World in Brief, Jan. 18, 2010

By Epoch Times Staff
Epoch Times Staff
Epoch Times Staff
January 18, 2010 Updated: October 1, 2015
Rescue workers evacuate a woman from a hospital in Lugansk. (STR/AFP/Getty Images)
Rescue workers evacuate a woman from a hospital in Lugansk. (STR/AFP/Getty Images)

North Korea

North Korea Demands Sanction Lift Before Nuclear Talks

North Korea said it was unwilling to resume talks on nuclear disarmament unless sanctions are lifted, according to AFP. The U.N. tightened sanctions last year after North Korea ceased the six-party talks in April and held another nuclear test in May 2009.

The United States and South Korea say that North Korea must first return to the six-party talks and show progress in de-nuclearization before the sanctions could be reconsidered. "The dignity of the DPRK (North Korea) will never allow this to happen," the North Korean Foreign Ministry is reported as saying by AFP.

China

New Chinese Business Regulations Pose Risk For Foreign Companies

New business regulations imposed by the Chinese regime on foreign enterprises have alerted German companies with operations in China. These new regulations on the certification of products and patents might restrict free market-workings/operations and could result in sensitive "detailed information not directly relevant for certification" finding their way into the hands of corrupt Chinese.

"It cannot be that car manufacturers in joint ventures are forced to hand over technology and detailed plans of the production processes for approval procedures," said Juergen Hambrecht, head of the Asia-Pacific Arm of the German Economy (APA).

"Furthermore, equipment manufacturers, IT, and software makers are required to disclose highly sensitive data during the certification in China."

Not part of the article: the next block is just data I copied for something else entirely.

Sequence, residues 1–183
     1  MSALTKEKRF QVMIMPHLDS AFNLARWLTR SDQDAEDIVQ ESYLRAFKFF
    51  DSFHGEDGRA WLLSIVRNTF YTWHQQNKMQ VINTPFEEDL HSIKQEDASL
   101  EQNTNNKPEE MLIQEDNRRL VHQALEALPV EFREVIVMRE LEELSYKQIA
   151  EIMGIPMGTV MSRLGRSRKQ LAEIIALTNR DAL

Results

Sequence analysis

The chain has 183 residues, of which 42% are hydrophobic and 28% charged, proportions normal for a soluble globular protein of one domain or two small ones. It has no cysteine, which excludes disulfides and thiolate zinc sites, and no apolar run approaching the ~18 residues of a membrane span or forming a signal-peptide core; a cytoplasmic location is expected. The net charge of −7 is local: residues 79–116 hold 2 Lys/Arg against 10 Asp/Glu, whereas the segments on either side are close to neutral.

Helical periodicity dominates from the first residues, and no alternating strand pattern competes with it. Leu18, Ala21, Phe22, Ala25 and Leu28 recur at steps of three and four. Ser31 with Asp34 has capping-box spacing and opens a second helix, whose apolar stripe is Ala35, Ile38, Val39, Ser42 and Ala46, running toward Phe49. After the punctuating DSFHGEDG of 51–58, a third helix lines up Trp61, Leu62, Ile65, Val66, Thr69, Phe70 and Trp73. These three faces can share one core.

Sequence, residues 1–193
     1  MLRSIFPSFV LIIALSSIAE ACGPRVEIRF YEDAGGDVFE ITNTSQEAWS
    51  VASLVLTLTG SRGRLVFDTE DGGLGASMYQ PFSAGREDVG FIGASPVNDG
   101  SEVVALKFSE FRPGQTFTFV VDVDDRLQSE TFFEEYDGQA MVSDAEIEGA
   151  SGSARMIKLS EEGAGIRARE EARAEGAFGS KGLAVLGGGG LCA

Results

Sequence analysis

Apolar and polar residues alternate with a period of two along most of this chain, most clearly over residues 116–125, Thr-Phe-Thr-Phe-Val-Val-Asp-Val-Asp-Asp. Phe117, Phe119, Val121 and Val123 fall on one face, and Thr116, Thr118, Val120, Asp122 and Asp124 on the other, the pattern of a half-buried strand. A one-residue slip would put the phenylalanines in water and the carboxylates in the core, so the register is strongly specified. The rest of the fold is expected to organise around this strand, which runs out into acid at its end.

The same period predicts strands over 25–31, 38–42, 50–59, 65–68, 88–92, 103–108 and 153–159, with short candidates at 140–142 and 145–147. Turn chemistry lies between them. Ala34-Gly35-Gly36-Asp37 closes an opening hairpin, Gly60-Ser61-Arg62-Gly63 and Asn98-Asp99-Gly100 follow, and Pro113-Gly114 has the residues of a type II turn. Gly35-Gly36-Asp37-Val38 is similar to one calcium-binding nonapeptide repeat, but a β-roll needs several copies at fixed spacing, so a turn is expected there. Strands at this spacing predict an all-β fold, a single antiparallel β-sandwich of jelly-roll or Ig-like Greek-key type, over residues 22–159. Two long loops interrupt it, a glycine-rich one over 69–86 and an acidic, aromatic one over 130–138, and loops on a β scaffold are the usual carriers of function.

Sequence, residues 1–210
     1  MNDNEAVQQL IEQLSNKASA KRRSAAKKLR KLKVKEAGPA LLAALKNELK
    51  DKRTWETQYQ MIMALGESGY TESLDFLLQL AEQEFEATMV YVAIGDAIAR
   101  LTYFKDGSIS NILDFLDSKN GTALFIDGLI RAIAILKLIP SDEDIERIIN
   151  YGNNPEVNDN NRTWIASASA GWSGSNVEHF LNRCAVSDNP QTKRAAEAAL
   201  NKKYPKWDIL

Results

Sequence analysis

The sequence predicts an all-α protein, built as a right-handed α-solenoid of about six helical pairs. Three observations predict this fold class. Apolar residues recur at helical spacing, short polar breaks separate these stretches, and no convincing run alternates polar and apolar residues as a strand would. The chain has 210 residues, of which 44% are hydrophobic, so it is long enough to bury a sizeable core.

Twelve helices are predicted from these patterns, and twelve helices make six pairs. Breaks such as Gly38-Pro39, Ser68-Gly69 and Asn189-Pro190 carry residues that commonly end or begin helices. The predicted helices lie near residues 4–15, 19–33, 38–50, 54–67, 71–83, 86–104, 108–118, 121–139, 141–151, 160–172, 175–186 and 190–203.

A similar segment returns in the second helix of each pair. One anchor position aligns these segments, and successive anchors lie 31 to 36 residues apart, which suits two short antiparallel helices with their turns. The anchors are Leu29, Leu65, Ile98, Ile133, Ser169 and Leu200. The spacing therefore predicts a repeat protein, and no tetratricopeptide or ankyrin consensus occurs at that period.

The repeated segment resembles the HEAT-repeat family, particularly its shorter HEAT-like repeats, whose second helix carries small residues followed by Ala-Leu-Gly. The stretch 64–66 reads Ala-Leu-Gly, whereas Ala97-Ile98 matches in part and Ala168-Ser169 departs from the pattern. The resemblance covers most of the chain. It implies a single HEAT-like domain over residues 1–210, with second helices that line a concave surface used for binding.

Corporations like Siemens have hired their own legal advisers to check these procedures. Another German company declined large orders because they were required to reveal their source code in order to be approved in China.

Guatemala

Earthquake Hits Guatemala, Damage Minimal

A 6.0 magnitude earthquake hit the Pacific Coast of Guatemala on Monday. There were no reports of deaths or damage. The United States Geological Survey (USGS) said the quake occurred at 9:40 a.m on the border between El Salvador and Guatemala, 60 miles southeast of the capital, Guatemala City. According to Telemundo, the quake was felt strongly in the capital city.

"We felt a tremor that was a bit strong. We are monitoring the area but there is no damage here,” said Luis Medina in a Reuters article, who resides on the south coast of Guatemala. “It was a light movement that lasted for a few seconds.”

India

Government to Strip 44 Universities of Accreditation

The Indian government will submit a bill to Parliament to regulate the entry of foreign universities into the country. The decision comes on the heels of a study of 126 “deemed” (accredited) universities, which found that only 38 were doing a good job. Of the remainder, 44 have three years to improve and another 44 are being stripped of their recognition for a variety of failures including poor infrastructure, and offering courses that are "fragmented with concocted nomenclatures," and seats "disproportionately" increased beyond the actual intake capacity, reported the Times of India.

Ukraine

Blast Partly Destroys Ukraine Hospital

The explosion of several oxygen cylinders at a local hospital in Lugansk in eastern Ukraine killed five people and wounded nine, according to government sources. The explosion occurred on Monday morning and damaged a large part of the hospital, causing two floors to collapse. At the time of the blast more than 600 people were in the building. Rescue workers continue working at the scene. Ukrainian Prime Minister Yulia Tymoshenko visited the site of the incident. The government has already decided to allocate $2.5 million. Local authorities promise to help the victims and bereaved families members. A similar incident occurred last year in Evpatoria, Crimea when 27 people were killed.